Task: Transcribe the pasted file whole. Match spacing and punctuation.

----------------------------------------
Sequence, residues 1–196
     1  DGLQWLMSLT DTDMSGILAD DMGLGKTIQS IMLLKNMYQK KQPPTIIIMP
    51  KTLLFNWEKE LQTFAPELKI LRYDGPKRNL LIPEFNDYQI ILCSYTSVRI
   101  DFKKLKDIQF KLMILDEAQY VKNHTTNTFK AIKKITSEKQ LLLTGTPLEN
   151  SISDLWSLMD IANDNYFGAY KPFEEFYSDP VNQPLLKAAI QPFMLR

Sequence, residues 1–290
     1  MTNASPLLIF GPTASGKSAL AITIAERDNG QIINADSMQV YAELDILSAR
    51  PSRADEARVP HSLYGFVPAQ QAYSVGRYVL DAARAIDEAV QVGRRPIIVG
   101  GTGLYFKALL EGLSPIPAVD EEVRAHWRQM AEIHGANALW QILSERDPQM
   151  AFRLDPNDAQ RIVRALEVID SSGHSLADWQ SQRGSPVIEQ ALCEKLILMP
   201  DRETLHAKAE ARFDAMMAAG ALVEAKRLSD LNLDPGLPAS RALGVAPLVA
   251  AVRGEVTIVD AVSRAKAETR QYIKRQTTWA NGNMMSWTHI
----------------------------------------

Sequence, residues 1–196
     1  DGLQWLMSLT DTDMSGILAD DMGLGKTIQS IMLLKNMYQK KQPPTIIIMP
    51  KTLLFNWEKE LQTFAPELKI LRYDGPKRNL LIPEFNDYQI ILCSYTSVRI
   101  DFKKLKDIQF KLMILDEAQY VKNHTTNTFK AIKKITSEKQ LLLTGTPLEN
   151  SISDLWSLMD IANDNYFGAY KPFEEFYSDP VNQPLLKAAI QPFMLR

Sequence, residues 1–290
     1  MTNASPLLIF GPTASGKSAL AITIAERDNG QIINADSMQV YAELDILSAR
    51  PSRADEARVP HSLYGFVPAQ QAYSVGRYVL DAARAIDEAV QVGRRPIIVG
   101  GTGLYFKALL EGLSPIPAVD EEVRAHWRQM AEIHGANALW QILSERDPQM
   151  AFRLDPNDAQ RIVRALEVID SSGHSLADWQ SQRGSPVIEQ ALCEKLILMP
   201  DRETLHAKAE ARFDAMMAAG ALVEAKRLSD LNLDPGLPAS RALGVAPLVA
   251  AVRGEVTIVD AVSRAKAETR QYIKRQTTWA NGNMMSWTHI